The line at which the sky and Earth appear to meet.

    The horizon is a beautiful sight when looking out to sea.

    Submitted by MaryC on March 12, 2020  

Suggested Resources

  1. horizon

    Song lyrics by horizon -- Explore a large variety of song lyrics performed by horizon on the Lyrics.com website.

British National Corpus

  1. Nouns Frequency

    Rank popularity for the word 'horizon' in Nouns Frequency: #1999

How to pronounce horizon?

How to say horizon in sign language?

Numerology

  1. Chaldean Numerology

    The numerical value of horizon in Chaldean Numerology is: 7

  2. Pythagorean Numerology

    The numerical value of horizon in Pythagorean Numerology is: 6

Examples of horizon in a Sentence

  1. Kristalina Georgieva:

    With no immediate medical solutions, more adverse scenarios might unfortunately materialize for some economies, it is the unknown about the behavior of this virus that is clouding the horizon for projections.

  2. Roger Federer:

    It's still a bit early to say. We'll see again what's going to happen this year, i do believe there is a group of guys right there that can make a break again and can do special things. I just think it's too early to say in the season just because Novak and Rafa Nadal lost in Doha that there is something on the horizon.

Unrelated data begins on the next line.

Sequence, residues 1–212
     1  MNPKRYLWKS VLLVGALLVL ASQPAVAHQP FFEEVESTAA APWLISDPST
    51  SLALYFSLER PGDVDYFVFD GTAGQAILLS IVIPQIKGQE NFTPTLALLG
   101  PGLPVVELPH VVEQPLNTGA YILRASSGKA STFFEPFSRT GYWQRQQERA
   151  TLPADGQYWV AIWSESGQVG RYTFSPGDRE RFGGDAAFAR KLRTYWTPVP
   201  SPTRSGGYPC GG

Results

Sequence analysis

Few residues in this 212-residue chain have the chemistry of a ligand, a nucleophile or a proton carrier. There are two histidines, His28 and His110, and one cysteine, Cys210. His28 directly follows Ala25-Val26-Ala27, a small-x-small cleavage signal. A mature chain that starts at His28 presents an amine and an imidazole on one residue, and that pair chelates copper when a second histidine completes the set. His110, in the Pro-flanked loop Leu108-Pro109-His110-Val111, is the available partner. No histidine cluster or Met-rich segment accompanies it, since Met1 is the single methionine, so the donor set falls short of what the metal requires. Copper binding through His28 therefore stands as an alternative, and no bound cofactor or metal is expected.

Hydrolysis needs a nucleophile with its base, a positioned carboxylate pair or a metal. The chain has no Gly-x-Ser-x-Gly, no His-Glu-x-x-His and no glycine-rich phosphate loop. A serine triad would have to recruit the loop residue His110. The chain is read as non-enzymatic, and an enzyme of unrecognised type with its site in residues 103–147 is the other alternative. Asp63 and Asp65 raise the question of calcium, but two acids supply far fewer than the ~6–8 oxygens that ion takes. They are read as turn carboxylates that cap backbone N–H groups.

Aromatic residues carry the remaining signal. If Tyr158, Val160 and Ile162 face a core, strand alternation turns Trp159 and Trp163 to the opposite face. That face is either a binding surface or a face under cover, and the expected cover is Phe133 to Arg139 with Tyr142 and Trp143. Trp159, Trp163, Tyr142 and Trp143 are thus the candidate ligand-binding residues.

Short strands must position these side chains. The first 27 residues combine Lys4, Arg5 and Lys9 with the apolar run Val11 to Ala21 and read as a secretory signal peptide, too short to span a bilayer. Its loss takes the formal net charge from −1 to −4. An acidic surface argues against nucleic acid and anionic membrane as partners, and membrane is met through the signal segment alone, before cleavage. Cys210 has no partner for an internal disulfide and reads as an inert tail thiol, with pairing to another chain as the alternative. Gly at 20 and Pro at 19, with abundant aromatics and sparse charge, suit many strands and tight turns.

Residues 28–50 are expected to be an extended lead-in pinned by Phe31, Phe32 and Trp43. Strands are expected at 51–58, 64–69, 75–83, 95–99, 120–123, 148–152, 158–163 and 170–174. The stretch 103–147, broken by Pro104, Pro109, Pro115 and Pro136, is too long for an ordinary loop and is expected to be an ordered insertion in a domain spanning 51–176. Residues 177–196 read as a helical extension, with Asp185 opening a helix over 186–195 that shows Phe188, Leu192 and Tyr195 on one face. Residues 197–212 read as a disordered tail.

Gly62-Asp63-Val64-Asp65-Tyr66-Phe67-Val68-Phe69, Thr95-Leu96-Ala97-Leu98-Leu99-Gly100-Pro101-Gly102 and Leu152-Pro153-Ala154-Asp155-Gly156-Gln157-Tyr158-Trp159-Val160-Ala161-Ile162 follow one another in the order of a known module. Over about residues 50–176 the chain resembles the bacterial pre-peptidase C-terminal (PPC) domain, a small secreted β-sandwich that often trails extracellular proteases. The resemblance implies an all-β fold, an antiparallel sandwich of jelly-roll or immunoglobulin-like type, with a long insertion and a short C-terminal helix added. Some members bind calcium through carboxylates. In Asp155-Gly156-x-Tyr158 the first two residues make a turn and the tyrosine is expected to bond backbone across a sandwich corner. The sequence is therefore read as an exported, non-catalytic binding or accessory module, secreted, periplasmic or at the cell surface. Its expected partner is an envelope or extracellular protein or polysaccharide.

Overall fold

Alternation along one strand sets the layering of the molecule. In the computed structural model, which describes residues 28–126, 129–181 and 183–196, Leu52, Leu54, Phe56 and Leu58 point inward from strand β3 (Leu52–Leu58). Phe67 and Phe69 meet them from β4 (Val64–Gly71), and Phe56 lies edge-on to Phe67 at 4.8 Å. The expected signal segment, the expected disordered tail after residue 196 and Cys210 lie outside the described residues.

3. Sean Sullivan:

    And honestly, I don’t see anything coming over the horizon that could lead to another gold rush so criminals are stuck with spam.

  4. Chief Financial Officer Tim Weller:

    National oil company clients in the Middle East( and) North Africa have continued to spend. Middle East is the one bright spot on the global horizon of oil and gas spend.

  5. First Solar:

    As we look across the horizon, we feel very comfortable, but we know this will continue to be a very challenging and demanding market.

Images & Illustrations of horizon

  1. horizonhorizonhorizonhorizonhorizon

Popularity rank by frequency of use

horizon#1#7527#10000

Translations for horizon

From our Multilingual Translation Dictionary

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    an impression that something might be the case
    • A. nitrile
    • B. secession
    • C. hunch
    • D. scholastic